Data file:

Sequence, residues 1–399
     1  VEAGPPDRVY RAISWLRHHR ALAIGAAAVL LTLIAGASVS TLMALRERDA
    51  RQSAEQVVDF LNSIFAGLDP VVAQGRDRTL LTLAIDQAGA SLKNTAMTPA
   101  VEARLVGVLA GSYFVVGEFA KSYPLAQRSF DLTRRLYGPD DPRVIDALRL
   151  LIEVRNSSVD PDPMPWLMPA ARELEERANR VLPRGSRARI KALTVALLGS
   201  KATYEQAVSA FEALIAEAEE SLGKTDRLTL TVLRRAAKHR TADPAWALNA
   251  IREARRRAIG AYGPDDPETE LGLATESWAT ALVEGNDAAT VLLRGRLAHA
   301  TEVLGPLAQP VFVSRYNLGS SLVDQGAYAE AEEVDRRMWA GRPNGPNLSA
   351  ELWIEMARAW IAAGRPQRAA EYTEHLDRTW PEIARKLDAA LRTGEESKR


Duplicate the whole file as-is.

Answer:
Sequence, residues 1–399
     1  VEAGPPDRVY RAISWLRHHR ALAIGAAAVL LTLIAGASVS TLMALRERDA
    51  RQSAEQVVDF LNSIFAGLDP VVAQGRDRTL LTLAIDQAGA SLKNTAMTPA
   101  VEARLVGVLA GSYFVVGEFA KSYPLAQRSF DLTRRLYGPD DPRVIDALRL
   151  LIEVRNSSVD PDPMPWLMPA ARELEERANR VLPRGSRARI KALTVALLGS
   201  KATYEQAVSA FEALIAEAEE SLGKTDRLTL TVLRRAAKHR TADPAWALNA
   251  IREARRRAIG AYGPDDPETE LGLATESWAT ALVEGNDAAT VLLRGRLAHA
   301  TEVLGPLAQP VFVSRYNLGS SLVDQGAYAE AEEVDRRMWA GRPNGPNLSA
   351  ELWIEMARAW IAAGRPQRAA EYTEHLDRTW PEIARKLDAA LRTGEESKR